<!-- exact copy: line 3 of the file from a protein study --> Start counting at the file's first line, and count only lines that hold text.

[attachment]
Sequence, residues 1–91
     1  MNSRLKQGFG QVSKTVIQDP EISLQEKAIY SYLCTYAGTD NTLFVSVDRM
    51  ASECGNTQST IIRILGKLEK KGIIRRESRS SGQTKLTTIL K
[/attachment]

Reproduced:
    51  ASECGNTQST IIRILGKLEK KGIIRRESRS SGQTKLTTIL K